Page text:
False claims of sexual harassment seemed like an easy case, until we discovered information that the employer hadn’t been able to find.

The case involved a woman’s claim of being sexually harassed in the workplace; she brought her complaint to human resources about a male coworker sending her lewd emails.

She gave the HR department copies of about 50 emails. Allegedly the emails started with mild comments on how nice she looked, then gradually became more explicit and graphically sexual in nature. The accused was called in to discuss the claims, and he said he’d never sent the emails.

He was placed on suspension and we were called into prove that he was the one that sent the emails. We had a look at his computer, but found nothing. Then we searched the woman’s computer, even though she said she’d deleted the emails because they were so upsetting.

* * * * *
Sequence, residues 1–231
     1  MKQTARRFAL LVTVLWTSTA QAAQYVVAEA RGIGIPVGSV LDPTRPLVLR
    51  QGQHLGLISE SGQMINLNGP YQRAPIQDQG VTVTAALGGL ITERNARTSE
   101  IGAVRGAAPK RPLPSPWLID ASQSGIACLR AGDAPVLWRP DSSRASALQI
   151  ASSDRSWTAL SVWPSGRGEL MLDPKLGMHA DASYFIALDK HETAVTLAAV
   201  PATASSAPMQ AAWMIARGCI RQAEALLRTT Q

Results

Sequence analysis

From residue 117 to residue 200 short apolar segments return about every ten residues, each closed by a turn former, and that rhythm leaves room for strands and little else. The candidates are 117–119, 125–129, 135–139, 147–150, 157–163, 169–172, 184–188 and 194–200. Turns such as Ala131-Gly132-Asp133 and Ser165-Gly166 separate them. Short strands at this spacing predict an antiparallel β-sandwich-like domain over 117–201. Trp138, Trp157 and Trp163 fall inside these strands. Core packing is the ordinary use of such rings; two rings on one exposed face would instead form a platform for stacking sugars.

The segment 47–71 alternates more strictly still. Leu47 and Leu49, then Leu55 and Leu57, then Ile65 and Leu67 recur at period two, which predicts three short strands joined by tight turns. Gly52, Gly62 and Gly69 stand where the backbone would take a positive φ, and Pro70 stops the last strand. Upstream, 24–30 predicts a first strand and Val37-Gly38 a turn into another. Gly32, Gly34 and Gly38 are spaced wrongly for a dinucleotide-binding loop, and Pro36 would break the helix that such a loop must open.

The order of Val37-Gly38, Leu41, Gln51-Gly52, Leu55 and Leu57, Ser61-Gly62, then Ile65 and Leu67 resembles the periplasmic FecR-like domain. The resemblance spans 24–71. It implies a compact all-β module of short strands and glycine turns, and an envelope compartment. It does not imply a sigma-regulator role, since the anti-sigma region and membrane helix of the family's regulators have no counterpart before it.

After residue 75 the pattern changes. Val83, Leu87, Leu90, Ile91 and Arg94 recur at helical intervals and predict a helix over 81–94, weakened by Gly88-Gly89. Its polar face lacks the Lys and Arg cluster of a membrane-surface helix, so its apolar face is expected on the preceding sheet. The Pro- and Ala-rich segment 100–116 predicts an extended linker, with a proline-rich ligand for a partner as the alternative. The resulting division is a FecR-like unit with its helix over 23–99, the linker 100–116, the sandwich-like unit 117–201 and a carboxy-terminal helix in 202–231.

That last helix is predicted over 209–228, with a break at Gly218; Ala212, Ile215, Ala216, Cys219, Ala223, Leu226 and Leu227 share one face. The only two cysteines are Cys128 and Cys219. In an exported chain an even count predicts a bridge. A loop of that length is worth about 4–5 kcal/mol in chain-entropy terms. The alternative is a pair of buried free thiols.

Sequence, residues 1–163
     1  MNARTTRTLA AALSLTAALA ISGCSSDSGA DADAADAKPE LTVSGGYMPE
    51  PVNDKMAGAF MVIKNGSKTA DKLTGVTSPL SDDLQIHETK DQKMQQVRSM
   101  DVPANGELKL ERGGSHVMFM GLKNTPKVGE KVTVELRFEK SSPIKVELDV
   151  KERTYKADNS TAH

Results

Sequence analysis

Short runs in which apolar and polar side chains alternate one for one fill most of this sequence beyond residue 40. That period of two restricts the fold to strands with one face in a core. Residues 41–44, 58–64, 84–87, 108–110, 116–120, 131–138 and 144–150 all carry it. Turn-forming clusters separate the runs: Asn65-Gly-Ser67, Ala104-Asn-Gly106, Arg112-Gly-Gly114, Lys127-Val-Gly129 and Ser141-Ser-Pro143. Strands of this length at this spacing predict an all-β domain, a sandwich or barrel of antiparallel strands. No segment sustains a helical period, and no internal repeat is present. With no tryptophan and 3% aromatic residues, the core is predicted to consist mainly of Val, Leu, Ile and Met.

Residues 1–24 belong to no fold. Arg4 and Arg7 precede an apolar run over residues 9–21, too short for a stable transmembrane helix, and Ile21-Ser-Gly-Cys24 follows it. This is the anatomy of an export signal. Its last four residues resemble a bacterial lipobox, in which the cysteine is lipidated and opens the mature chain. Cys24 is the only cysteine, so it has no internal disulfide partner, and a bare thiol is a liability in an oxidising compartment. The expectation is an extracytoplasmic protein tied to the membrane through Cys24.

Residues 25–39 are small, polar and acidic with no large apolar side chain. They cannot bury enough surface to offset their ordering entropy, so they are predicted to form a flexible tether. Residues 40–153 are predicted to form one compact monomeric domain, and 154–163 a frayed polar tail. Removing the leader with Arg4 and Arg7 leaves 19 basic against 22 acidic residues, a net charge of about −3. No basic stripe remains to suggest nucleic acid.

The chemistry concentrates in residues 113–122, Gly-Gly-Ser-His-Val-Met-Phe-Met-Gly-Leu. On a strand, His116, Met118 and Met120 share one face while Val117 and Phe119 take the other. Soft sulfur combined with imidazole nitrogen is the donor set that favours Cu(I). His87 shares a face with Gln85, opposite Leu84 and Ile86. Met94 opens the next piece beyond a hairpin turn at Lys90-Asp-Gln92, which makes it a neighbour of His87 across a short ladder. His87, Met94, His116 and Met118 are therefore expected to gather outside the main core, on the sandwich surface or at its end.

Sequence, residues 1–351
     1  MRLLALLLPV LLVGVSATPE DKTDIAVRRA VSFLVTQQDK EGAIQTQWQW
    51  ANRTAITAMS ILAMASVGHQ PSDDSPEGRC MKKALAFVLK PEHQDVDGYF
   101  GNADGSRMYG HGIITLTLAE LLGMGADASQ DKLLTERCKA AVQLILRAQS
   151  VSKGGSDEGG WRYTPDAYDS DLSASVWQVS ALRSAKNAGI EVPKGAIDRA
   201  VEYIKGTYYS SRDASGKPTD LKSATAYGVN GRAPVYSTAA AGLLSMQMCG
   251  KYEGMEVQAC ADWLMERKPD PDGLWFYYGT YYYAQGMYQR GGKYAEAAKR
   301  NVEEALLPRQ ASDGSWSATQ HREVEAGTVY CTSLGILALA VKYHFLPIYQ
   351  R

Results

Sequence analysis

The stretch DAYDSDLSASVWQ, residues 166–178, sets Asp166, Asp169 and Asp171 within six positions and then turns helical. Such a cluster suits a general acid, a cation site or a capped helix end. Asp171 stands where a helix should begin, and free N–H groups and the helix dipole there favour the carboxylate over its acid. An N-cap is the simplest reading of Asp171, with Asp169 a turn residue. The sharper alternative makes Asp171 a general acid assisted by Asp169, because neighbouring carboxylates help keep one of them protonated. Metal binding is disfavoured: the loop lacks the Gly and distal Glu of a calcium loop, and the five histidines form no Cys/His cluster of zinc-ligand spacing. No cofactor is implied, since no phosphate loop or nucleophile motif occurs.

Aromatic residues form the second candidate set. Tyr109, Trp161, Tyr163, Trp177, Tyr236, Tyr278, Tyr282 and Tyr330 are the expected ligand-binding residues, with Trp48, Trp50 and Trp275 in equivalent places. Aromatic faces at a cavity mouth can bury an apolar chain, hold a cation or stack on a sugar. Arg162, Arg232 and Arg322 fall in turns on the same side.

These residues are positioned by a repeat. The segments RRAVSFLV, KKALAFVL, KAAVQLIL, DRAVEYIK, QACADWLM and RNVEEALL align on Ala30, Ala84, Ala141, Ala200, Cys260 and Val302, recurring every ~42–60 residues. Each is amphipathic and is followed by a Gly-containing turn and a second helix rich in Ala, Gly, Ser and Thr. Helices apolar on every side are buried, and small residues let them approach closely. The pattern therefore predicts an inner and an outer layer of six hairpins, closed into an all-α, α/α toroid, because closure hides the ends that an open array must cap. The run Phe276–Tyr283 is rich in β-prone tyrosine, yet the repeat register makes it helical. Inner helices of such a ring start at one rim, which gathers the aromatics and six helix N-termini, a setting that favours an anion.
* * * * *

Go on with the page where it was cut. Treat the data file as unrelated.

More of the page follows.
We found all of the emails in question. She had been sending them to herself. Once we proved the evidence, she was fired. Her motive was simply that she disliked her coworker. They sat in close proximity and she simply didn’t like his mannerisms and the way he spoke on the phone.

This is a lesson for other companies to take note of: the evidence seemed irrefutable but in reality, was not. Changing emails happens frequently. In another case, a male looking for a job forged his own university degree and wrote an email to himself to look like it had come from the university, which he’d forwarded onto a recruiter who got him a job.

Once he was hired and started working, he changed his email address to the CEO’s and sent emails to payroll approving himself for a raise as well as bonuses on a nearly monthly basis.

It’s important that employers provide education to their employees about cyber crimes and how to prevent them.